Rocky path to wind growth offers cautionary tale for cleantech tax credits

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<header><h1>Rocky path to wind growth offers cautionary tale for cleantech tax credits</h1><a href="" rel="author"></a><span class="title"></span><time rel="pubdate" datetime="2022-07-20T00:00:00-04:00">Jul 20, 2022</time></header><p>The U.S. Congress’ on-again-off-again relationship with wind energy tax credits portends choppy roads ahead for all types of cleantech.</p><p>Such a rocky road is now more likely for future and existing clean energy tax credits.</p><p>Congress is unlikely to pass any time soon more comprehensive legislation that would include up to $300 billion in clean energy tax credits since Sen. Joe Manchin (D-W.Va.), a key vote in the evenly divided Senate, indicated his lack of support for such a package earlier this month.</p><p>That likely leaves a piecemeal effort on subsidies that Congress often engages in at year’s end to extend a suite of tax credits, known on Capitol Hill as &#8220;tax extenders.&#8221;</p><p>The wind industry’s production tax credit has expired and then was extended (or renewed), numerous times since Congress first created it in 1992 as the colorful chart above shows—many of those times being during the &#8220;tax extenders&#8221; season.</p><p>&#8220;The repeated expiration and short-term renewal of the PTC was particularly harmful for wind turbine manufacturing as it was working to gain a foothold in the United States,&#8221; states a <a href="https://files.wri.org/d8/s3fs-public/2021-06/designing-next-generation-federal-tax-credits-low-carbon-technologies.pdf" target="_blank" rel="noopener" data-ac-default-color="1" data-hs-link-id="0">June 2021 report</a> by the World Resources Institute.</p><p>&#8220;Tax credits should, therefore, be in place for a reasonable period of time, assuring market players that it is worth making the investment,&#8221; the report states.</p><p>In other words, the above chart should be displaying a lot fewer colors, reflecting more consistency.</p><p>Other temporary clean energy subsidies that require regular congressional approval, including an investment tax credit for solar, contrast sharply with subsidies for fossil-fuel production, which are mostly permanent because they’re imbedded in the tax code as deductions.</p><p><em>Editor’s note: The WRI report was supported by Breakthrough Energy, which supports Cipher.</em></p>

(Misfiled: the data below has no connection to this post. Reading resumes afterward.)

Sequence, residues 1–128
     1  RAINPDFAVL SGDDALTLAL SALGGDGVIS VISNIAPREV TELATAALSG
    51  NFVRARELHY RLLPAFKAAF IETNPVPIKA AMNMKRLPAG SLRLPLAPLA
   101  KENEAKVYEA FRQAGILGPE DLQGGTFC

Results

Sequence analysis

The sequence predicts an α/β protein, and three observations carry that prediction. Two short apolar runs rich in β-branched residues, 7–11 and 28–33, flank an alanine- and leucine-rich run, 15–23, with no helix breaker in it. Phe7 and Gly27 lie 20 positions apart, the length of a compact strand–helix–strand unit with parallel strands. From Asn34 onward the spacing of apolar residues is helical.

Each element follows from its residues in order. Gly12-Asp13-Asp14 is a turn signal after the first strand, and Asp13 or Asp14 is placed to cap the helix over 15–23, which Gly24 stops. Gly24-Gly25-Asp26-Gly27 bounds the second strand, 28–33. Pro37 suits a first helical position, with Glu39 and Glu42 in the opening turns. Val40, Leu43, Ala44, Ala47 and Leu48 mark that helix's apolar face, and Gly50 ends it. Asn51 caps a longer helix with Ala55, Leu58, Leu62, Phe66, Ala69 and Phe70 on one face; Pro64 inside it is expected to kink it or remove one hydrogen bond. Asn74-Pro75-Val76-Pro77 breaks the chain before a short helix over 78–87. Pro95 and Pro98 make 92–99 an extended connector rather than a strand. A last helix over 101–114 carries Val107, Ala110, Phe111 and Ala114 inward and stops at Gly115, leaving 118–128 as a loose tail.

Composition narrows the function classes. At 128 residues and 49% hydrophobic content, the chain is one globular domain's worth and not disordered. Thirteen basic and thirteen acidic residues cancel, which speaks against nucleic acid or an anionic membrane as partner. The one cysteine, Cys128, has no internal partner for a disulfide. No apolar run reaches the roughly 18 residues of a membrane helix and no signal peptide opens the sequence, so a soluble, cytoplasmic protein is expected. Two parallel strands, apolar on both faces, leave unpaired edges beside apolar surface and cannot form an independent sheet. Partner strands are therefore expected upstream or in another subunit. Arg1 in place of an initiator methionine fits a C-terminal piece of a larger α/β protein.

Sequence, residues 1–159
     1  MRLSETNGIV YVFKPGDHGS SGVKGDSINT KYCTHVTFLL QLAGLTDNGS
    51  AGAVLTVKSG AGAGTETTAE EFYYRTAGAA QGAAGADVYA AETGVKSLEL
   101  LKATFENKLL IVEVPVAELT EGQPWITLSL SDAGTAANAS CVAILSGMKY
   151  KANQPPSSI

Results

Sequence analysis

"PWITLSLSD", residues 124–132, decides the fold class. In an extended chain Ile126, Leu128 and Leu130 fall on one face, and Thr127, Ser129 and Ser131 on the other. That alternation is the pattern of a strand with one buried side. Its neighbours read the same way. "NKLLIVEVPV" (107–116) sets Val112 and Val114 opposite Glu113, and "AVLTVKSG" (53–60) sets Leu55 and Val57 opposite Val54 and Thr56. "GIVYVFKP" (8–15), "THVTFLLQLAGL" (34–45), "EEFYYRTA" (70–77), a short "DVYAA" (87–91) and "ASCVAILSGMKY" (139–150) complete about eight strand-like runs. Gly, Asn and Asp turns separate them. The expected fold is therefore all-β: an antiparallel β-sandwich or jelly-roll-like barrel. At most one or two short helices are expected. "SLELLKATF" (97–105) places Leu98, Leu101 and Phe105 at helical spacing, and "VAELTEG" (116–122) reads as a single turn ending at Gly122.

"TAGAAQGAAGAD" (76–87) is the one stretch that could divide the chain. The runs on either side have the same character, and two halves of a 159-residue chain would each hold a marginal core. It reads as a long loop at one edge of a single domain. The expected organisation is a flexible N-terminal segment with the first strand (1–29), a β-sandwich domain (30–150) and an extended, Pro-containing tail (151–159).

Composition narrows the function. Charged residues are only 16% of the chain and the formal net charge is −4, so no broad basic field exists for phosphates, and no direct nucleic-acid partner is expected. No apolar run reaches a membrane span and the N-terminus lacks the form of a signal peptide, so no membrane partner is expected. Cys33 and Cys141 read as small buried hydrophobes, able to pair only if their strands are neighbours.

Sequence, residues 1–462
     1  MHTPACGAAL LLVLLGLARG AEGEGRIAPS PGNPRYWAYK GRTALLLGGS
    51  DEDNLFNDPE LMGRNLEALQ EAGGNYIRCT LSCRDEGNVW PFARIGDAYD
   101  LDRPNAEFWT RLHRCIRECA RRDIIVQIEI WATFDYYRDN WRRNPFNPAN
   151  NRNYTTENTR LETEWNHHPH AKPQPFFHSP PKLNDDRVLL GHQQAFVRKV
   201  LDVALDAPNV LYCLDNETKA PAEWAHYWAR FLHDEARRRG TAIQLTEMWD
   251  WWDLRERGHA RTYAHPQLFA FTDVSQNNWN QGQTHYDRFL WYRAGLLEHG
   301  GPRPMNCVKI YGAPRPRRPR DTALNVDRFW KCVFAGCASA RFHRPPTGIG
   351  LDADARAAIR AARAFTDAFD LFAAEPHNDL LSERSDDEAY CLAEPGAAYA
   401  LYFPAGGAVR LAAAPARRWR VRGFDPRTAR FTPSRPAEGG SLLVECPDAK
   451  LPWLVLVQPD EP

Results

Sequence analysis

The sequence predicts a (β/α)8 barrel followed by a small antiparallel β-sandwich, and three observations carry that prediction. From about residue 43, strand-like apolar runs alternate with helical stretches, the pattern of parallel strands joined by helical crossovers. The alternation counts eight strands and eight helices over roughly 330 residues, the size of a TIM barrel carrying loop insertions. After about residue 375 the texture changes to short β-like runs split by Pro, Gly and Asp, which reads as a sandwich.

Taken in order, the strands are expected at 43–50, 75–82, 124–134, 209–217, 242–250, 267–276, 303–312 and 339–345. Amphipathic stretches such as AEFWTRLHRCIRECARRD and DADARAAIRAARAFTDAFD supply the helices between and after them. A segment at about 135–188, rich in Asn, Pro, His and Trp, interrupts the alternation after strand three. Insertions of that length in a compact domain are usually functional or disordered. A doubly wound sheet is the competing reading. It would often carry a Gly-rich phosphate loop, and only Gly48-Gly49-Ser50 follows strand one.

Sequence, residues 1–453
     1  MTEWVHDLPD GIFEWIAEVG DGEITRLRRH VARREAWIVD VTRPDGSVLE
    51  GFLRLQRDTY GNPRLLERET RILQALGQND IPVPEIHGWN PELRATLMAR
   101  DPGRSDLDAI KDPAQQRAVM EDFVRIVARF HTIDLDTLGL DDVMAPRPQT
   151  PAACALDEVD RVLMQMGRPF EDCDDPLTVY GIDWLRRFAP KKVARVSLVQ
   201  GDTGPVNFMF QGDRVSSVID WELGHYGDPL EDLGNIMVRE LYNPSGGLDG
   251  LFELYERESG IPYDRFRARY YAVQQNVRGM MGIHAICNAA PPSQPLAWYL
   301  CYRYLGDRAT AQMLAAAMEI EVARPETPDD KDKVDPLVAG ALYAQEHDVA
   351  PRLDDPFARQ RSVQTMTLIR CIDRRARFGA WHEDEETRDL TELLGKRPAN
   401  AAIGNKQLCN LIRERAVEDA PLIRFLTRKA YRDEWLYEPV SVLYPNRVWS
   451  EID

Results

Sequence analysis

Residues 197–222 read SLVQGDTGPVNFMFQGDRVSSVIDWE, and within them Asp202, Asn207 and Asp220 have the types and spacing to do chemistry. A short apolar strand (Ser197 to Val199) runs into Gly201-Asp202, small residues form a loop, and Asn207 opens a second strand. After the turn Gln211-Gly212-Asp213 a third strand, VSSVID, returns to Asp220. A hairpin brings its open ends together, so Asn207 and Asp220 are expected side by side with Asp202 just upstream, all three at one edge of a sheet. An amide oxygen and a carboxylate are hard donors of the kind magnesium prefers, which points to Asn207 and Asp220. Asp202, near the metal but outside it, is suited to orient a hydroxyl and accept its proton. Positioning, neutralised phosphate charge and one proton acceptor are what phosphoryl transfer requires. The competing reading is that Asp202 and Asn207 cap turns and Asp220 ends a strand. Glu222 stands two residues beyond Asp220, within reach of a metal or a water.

Rocky path to wind growth offers cautionary tale for cleantech tax credits

by -
July 20, 2022
The U.S. Congress’ on-again-off-again relationship with wind energy tax credits portends choppy roads ahead for all types of cleantech. Such a rocky road is now more likely for future and existing clean energy tax credits. Congress is unlikely to pass any time soon more comprehensive legislation that would include up to $300 billion in clean energy tax credits since Sen. Joe Manchin (D-W.Va.), a key vote in the evenly divided Senate, indicated his lack of support for such a package earlier this month. That likely leaves a piecemeal effort on subsidies that Congress often engages in at year’s end to extend a suite of tax credits, known on Capitol Hill as “tax extenders.” The wind industry’s production tax credit has expired and then was extended (or renewed), numerous times since Congress first created it in 1992 as the colorful chart above shows—many of those times being during the “tax extenders” season. “The repeated expiration and short-term renewal of the PTC was particularly harmful for wind turbine manufacturing as it was working to gain a foothold in the United States,” states a June 2021 report by the World Resources Institute. “Tax credits should, therefore, be in place for a reasonable period of time, assuring market players that it is worth making the investment,” the report states. In other words, the above chart should be displaying a lot fewer colors, reflecting more consistency. Other temporary clean energy subsidies that require regular congressional approval, including an investment tax credit for solar, contrast sharply with subsidies for fossil-fuel production, which are mostly permanent because they’re imbedded in the tax code as deductions. Editor’s note: The WRI report was supported by Breakthrough Energy, which supports Cipher.